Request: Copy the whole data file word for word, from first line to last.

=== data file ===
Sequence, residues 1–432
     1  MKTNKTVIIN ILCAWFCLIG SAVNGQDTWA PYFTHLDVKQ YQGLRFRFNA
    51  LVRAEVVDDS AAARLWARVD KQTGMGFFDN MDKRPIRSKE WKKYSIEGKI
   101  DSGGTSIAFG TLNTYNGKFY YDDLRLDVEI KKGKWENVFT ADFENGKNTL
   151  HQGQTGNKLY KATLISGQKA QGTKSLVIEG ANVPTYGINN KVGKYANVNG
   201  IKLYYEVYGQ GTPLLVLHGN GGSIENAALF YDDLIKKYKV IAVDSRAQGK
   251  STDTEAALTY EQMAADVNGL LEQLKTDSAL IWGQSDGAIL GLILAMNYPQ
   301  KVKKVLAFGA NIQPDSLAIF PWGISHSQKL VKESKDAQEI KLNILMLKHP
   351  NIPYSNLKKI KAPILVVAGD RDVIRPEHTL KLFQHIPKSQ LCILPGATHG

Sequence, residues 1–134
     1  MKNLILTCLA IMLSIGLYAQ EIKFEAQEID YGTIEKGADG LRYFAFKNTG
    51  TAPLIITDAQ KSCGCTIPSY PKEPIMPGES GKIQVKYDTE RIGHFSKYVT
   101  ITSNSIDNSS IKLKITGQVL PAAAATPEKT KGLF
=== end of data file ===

Sequence, residues 1–432
     1  MKTNKTVIIN ILCAWFCLIG SAVNGQDTWA PYFTHLDVKQ YQGLRFRFNA
    51  LVRAEVVDDS AAARLWARVD KQTGMGFFDN MDKRPIRSKE WKKYSIEGKI
   101  DSGGTSIAFG TLNTYNGKFY YDDLRLDVEI KKGKWENVFT ADFENGKNTL
   151  HQGQTGNKLY KATLISGQKA QGTKSLVIEG ANVPTYGINN KVGKYANVNG
   201  IKLYYEVYGQ GTPLLVLHGN GGSIENAALF YDDLIKKYKV IAVDSRAQGK
   251  STDTEAALTY EQMAADVNGL LEQLKTDSAL IWGQSDGAIL GLILAMNYPQ
   301  KVKKVLAFGA NIQPDSLAIF PWGISHSQKL VKESKDAQEI KLNILMLKHP
   351  NIPYSNLKKI KAPILVVAGD RDVIRPEHTL KLFQHIPKSQ LCILPGATHG

Sequence, residues 1–134
     1  MKNLILTCLA IMLSIGLYAQ EIKFEAQEID YGTIEKGADG LRYFAFKNTG
    51  TAPLIITDAQ KSCGCTIPSY PKEPIMPGES GKIQVKYDTE RIGHFSKYVT
   101  ITSNSIDNSS IKLKITGQVL PAAAATPEKT KGLF